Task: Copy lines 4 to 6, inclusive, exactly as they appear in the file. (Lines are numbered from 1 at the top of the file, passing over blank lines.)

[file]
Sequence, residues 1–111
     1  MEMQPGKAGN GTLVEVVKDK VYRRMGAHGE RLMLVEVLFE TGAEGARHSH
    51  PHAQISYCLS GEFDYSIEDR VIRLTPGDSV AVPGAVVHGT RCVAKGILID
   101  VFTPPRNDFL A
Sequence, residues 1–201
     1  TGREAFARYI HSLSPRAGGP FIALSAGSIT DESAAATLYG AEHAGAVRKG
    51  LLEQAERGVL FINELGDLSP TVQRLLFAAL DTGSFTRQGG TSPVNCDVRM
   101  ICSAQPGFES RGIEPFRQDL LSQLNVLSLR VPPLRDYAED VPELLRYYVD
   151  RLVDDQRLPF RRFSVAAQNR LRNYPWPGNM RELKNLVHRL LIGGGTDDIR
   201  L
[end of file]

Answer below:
   101  VFTPPRNDFL A
Sequence, residues 1–201
     1  TGREAFARYI HSLSPRAGGP FIALSAGSIT DESAAATLYG AEHAGAVRKG